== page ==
Friday, 30 December 2011

Prickly Pear Soap - Follow Up


I tried 5 different versions. All of them have juice that I made from local prickly pear fruit. The first two have prickly pear oil in them, then I ran out so I used Argan Oil for superfatting the the last three.


 The first batch had the seeds from the fruit in it and I don’t like it.  It is WAY too scratchy, not like the nice exfoliation from poppyseeds or coffee grounds… The ABRASIAN from the prickly pear seeds is Not my thing. 



For the last of the 5 experiments I froze the prickly pear juice and the soap has turned out rougher, slightly bumpy, not as smooth as I like, and the colour runs.  So basically, I really liked versions 2, 3 and 4. The soap is wonderfully smooth, I love the lather and it leaves my skin feeling awesome!
I will continue my search for Prickly Pear Oil that I can afford, maybe include some other things from the prickly pear cactus, and continue making this soap. I may try a shampoo as well as Prickly pear is supposed to be fabulous for hair.

Scent – still have not come up with a signature scent for this soap yet… tried various but not impressed. Will keep trying!
I have had great feedback so far from this bar.  Except... one customer got it as a gift for Christmas for her not-well-loved step mother solely based on the word Prickly and the idea of cactus … and one person that tried it, did not like it for her skin. Haven't figured out why yet but something to look into and must have more testing…  


Happy Soaping everyone and Happy Happy Happy New Year!!!!!!!!! xoxoxoox Jen

8 comments:

Holly said...

You make such fun and interesting soaps. Very exotic! I love the colors on these!

Shieh Design Studio said...

I'm curious, how is prickly pear soap compared to your pomegranate soap? Which one do you prefer?

Jennifer Young said...

Holly, thank you! I am simply inspired by what the earth offers, right here in our area. So glad you enjoy my experiments!

Shieh, I think I prefer the pomegranate soap, but I do love both. There is something so silky SMOOTH about these both and I am not sure why they are smoother than my other soaps??? Could it be temperatures? Didn't freeze, but kept the fruit juice cold when adding the lye, simply by having it in a bowl of cold water... Will have to investigate because I just love it. Makes me want to wash my hands over and over and over... Happy new year to you!!!! xoxoxo Jen

Alexandra said...

Looks creamy!
Happy New Year, Jen!
All the best to you and your family!

Soaptician AYU said...

Hi Jen =)
Pear soap looks beautiful!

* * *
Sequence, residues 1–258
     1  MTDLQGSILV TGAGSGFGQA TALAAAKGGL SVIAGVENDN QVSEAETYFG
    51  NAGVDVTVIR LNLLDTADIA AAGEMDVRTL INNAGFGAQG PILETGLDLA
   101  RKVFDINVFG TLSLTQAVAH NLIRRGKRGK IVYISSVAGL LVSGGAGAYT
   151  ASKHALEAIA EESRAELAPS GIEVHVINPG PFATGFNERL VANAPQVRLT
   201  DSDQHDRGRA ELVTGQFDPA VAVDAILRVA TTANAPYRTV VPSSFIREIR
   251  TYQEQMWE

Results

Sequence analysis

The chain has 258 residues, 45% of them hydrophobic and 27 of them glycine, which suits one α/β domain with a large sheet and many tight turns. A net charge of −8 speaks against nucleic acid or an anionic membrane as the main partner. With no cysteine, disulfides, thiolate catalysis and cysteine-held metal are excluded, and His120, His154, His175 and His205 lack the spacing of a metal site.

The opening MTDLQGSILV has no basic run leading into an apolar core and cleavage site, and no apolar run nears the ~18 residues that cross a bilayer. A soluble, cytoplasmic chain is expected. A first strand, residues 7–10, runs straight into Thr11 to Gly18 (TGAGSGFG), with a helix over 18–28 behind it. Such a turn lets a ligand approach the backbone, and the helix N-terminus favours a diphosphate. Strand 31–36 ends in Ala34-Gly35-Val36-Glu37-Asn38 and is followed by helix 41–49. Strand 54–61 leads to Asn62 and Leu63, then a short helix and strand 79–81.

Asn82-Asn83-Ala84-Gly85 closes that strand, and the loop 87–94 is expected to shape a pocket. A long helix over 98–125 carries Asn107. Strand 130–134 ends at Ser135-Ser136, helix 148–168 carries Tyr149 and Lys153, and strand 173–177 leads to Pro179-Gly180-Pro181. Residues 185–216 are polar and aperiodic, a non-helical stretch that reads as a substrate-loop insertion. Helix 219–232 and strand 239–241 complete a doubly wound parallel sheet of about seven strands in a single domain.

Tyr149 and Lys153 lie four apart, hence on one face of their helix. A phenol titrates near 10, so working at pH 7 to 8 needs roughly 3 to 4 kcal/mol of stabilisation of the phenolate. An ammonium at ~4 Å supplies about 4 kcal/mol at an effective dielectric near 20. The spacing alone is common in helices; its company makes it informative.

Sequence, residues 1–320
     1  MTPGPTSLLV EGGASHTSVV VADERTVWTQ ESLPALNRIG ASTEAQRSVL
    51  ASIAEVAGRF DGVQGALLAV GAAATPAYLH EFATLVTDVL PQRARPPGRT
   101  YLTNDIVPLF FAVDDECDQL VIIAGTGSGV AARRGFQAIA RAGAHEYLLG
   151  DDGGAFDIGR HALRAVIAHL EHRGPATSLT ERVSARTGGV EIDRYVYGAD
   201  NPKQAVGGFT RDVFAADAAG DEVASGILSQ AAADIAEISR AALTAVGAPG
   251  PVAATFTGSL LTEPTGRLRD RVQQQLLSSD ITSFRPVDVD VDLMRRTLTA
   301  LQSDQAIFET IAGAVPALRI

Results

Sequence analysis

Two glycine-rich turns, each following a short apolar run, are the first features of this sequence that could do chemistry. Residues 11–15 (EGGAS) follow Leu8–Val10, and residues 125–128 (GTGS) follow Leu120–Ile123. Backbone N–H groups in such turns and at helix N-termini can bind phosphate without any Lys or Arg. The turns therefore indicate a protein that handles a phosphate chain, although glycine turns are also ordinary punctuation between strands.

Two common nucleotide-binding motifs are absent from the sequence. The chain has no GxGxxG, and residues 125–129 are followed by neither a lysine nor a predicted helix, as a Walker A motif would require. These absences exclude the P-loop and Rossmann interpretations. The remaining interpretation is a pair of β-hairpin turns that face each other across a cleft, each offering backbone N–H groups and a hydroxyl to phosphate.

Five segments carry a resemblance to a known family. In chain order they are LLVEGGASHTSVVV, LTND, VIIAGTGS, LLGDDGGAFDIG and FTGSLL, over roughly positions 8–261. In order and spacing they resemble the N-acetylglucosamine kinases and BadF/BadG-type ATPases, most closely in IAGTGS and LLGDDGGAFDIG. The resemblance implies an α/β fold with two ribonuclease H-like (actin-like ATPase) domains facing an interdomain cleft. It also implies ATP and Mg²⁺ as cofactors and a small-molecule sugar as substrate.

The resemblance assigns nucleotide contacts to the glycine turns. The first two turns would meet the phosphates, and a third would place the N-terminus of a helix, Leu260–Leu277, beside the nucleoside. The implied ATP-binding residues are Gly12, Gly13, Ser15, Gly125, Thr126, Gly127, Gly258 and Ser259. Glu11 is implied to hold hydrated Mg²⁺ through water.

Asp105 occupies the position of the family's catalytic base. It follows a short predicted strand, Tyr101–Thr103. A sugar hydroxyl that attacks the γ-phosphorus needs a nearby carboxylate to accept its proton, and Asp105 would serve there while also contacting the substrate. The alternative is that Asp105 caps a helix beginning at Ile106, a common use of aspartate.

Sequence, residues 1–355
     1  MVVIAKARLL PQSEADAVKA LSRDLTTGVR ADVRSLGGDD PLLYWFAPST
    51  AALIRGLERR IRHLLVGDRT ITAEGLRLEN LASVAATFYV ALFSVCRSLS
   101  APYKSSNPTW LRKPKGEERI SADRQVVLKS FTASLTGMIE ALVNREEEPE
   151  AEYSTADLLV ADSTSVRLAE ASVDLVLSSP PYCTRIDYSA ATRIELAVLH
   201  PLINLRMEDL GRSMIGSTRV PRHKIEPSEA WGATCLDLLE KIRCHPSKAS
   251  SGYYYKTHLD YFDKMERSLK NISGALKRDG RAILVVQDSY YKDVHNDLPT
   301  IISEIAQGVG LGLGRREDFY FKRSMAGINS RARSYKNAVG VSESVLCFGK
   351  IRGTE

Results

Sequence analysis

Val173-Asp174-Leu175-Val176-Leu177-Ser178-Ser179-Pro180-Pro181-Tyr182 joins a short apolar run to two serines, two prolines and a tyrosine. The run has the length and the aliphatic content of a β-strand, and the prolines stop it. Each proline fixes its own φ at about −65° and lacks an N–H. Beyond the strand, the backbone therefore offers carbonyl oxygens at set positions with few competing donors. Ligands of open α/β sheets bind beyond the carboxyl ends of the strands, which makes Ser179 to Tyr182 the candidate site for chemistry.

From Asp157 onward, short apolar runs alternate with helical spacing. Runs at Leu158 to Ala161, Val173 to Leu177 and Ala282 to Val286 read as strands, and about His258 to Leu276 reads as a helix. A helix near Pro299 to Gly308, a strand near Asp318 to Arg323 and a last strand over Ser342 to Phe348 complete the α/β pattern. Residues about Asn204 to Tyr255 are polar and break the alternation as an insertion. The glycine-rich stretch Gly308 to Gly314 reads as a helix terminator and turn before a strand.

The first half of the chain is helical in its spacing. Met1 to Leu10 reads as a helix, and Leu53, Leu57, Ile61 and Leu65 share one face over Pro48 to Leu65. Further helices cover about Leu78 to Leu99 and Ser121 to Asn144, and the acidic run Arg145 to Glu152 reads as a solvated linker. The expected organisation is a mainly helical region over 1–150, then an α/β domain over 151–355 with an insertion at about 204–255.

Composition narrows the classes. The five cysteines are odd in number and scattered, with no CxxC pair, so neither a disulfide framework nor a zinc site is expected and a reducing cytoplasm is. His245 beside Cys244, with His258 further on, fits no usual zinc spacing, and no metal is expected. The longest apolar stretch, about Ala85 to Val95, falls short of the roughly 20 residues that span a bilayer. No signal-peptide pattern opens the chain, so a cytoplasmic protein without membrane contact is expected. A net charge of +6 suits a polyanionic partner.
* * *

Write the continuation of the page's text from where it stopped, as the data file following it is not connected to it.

I love its light beige color.
I wonder what it smells like..??

Wish you a Happy Happy New Year!
Best wishes in 2012!

PS: Your smile makes everyone smile. Please keep your gorgeous smile in 2012 too! :)

Briny Bar Soap said...

My first experience with a prickly pear was on the coast of New Jersey and I was so excited I picked the fruit, completely forgetting why it is called prickly pear. Anyway, I ate it.

Have you tried adding the pureed fruit to your soap?

Jennifer Young said...

Alexandra, Thank you! Happy New year to you as well!! xo Jen

Ayu, You are so sweet. The prickly pear soap has not found its scent yet... these were mostly experiments with Frankinsence and i don't like the blends so i will keep trying! Thank yor your comment about my smile!! Happy New Year!! xo Jen

Briny, Oh no. The thing that I didn't know, and I guess you didn't either is that the pricklies on the fruit are almost invisible!!! Ouch. I work with heavy duty gloves but still get stung. yes, I use the pureed fruit. All of these have pureed prickly pear fruit in them. The first one I left the seeds in, and it feels like a brillo pad exfoliation. The next ones, I strained. Hope you are well. Happy New year!! xo Jen

PS. I am falling more and more in love each day with the Pomegranate soap!!!! xoxoxoo to all, Jen

Clarissa Cosgrove said...

When I make prickly pear jelly I hold the nopal tunas (fruit) with tongs, cut them in half, then scoop them out with a tablespoon. It is good to have a decent pair of tongs. The scooped shells are tossed. The pulp gets a whirl in the blender then pushed through a strainer lined with nylon mesh. I squeeze the mesh to get the last of the juice out. Cook with sugar and pectin ... as with any other jelly batch.

Next project will be a batch of CP soap with chia oil and sage - both varieties of salvia along with the nopal tuna juice ... all are super foods of the Aztecs (and other native groups of the Americas).